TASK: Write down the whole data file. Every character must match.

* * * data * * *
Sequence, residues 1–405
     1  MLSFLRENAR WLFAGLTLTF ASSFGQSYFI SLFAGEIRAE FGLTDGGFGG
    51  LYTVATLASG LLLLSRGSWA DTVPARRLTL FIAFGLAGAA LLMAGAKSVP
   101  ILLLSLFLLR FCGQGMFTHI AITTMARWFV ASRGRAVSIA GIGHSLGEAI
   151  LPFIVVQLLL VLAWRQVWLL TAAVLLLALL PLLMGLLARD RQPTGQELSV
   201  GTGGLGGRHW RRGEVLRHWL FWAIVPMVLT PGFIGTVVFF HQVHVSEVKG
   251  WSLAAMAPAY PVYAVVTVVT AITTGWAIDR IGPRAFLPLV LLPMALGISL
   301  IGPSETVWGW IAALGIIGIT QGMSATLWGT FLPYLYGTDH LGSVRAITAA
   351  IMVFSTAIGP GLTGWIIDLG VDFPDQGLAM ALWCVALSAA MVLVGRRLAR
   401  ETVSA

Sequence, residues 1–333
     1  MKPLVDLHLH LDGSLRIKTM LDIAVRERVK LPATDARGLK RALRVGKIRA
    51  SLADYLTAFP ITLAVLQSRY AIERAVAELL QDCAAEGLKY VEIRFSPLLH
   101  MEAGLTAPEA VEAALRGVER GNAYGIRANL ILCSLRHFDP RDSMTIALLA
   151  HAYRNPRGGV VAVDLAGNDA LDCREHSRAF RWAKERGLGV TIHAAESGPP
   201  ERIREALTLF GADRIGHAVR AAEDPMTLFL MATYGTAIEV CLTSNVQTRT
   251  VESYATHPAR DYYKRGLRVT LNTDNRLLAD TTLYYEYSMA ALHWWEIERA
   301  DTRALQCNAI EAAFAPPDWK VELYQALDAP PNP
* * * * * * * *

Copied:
Sequence, residues 1–405
     1  MLSFLRENAR WLFAGLTLTF ASSFGQSYFI SLFAGEIRAE FGLTDGGFGG
    51  LYTVATLASG LLLLSRGSWA DTVPARRLTL FIAFGLAGAA LLMAGAKSVP
   101  ILLLSLFLLR FCGQGMFTHI AITTMARWFV ASRGRAVSIA GIGHSLGEAI
   151  LPFIVVQLLL VLAWRQVWLL TAAVLLLALL PLLMGLLARD RQPTGQELSV
   201  GTGGLGGRHW RRGEVLRHWL FWAIVPMVLT PGFIGTVVFF HQVHVSEVKG
   251  WSLAAMAPAY PVYAVVTVVT AITTGWAIDR IGPRAFLPLV LLPMALGISL
   301  IGPSETVWGW IAALGIIGIT QGMSATLWGT FLPYLYGTDH LGSVRAITAA
   351  IMVFSTAIGP GLTGWIIDLG VDFPDQGLAM ALWCVALSAA MVLVGRRLAR
   401  ETVSA

Sequence, residues 1–333
     1  MKPLVDLHLH LDGSLRIKTM LDIAVRERVK LPATDARGLK RALRVGKIRA
    51  SLADYLTAFP ITLAVLQSRY AIERAVAELL QDCAAEGLKY VEIRFSPLLH
   101  MEAGLTAPEA VEAALRGVER GNAYGIRANL ILCSLRHFDP RDSMTIALLA
   151  HAYRNPRGGV VAVDLAGNDA LDCREHSRAF RWAKERGLGV TIHAAESGPP
   201  ERIREALTLF GADRIGHAVR AAEDPMTLFL MATYGTAIEV CLTSNVQTRT
   251  VESYATHPAR DYYKRGLRVT LNTDNRLLAD TTLYYEYSMA ALHWWEIERA
   301  DTRALQCNAI EAAFAPPDWK VELYQALDAP PNP